Everybody has definitely experienced the situation where the system got into a state where it wasn’t able to connect to SSH – be it because of a turned off sshd, incorrectly set rules in iptables or a lost SSH key. Luckily, you can use vpsAdmin to connect directly to the console of the VPS.
The console is available either via an online interface or directly from the terminal using the vpsfreectl utility. If you can choose, I recommend using vpsfreectl to access the console. The console works much more reliably and responsively in the terminal than in a web browser.
The console is persistent. That means that you can use it to follow the process of turning the VPS off and on. Disconnecting from the console does not log the user off unless an intentional logoff takes place before disconnecting.
The installation process for
vpsfreectl is described in the article about our
You can connect to the VPS console using the following command:
$ vpsfreectl vps remote_console <VPS_ID>
<VPS_ID> for the ID of the VPS to which you want to connect the console.
The console can be closed by pressing the
ENTER ESC . keys one after another (enter escape
period). This is the only way you can disconnect from the console (other than closing
the terminal window).
In order for the console to work as well as possible, it is important for the VPS to have the same
locale that is
used by the terminal from which you are connected. The most important thing here is encoding –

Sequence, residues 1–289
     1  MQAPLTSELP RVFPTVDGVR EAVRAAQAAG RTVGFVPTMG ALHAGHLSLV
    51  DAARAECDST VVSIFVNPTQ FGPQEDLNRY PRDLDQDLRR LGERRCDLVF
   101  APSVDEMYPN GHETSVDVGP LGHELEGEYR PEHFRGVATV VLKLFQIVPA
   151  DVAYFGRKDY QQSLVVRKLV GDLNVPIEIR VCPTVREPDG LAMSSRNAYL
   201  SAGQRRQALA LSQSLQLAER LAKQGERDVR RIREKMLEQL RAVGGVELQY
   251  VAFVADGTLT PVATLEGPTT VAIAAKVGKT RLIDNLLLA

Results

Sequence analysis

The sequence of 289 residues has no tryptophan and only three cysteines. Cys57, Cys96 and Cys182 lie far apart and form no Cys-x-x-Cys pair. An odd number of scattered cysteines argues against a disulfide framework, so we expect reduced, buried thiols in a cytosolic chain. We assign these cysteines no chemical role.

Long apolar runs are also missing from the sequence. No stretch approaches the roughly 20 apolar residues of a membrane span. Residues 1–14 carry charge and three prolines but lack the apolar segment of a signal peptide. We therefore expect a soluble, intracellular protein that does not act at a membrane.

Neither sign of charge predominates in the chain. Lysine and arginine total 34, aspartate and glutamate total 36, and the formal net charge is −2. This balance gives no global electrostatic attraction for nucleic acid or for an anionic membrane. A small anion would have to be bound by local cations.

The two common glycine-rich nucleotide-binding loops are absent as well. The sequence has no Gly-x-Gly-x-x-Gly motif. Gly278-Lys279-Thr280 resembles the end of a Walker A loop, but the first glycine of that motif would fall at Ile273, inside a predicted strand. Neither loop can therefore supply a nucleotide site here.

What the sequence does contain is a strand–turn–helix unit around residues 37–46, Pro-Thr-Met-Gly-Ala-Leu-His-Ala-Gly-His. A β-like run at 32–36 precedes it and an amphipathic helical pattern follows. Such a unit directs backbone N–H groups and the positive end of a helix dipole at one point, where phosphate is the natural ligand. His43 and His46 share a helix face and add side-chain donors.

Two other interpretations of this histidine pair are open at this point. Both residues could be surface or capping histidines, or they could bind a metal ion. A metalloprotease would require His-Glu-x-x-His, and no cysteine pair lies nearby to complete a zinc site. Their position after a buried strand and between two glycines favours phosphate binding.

if the two sides use different encoding, certain characters will be replaced by
question marks, etc.
vpsAdmin cannot send the
$TERM environment variable to the console. However, some TUI
apps adapt to the value of this variable. Thus, at first glance it
might seem that the app or console is not working properly. For example, in order for the
mouse and colors to work in
mc, you first need to set
TERM=xterm or force this
mode using the
mc -x option.
You can have the
$TERM variable automatically set upon console startup
cat <<EOF >> ~/.bashrc [ "`tty`" == "/dev/console" ] && export TERM=xterm EOF
Current distro templates mostly have this console preset. In older templates, it’s necessary to enable it manually.
Add the following line to the
1:2345:respawn:/sbin/getty 38400 tty0
Add the following lines to the
stop on runlevel [S016] respawn instance $TTY exec /sbin/mingetty $TTY
/etc/init/start-ttys.conf and add:
start on stopped rc RUNLEVEL= env ACTIVE_CONSOLES=/dev/tty[0-6] env X_TTY=/dev/tty1 task script . /etc/sysconfig/init for tty in $(echo $ACTIVE_CONSOLES) ; do [ "$RUNLEVEL" = "5" -a "$tty" = "$X_TTY" ] && continue initctl start tty TTY=$tty done end script
Add the following line to the
# vpsFree remote console c0:2345:respawn:/sbin/agetty --noreset 38400 tty0
The console should work after a restart.
This is not necessary for the current Ubuntu template.
Open the file
/etc/init/tty0.conf and add:
start on stopped rc or RUNLEVEL= stop on runlevel [!2345] respawn exec /sbin/getty -L 38400 tty0 vt102
Run the service using
sudo start tty0. It will start automatically after
If the console isn’t working, isn’t displaying every character or doesn’t allow login,
you probably have several instances of getty running and a race condition occurs.
This problem can be solved by turning off the extra getty in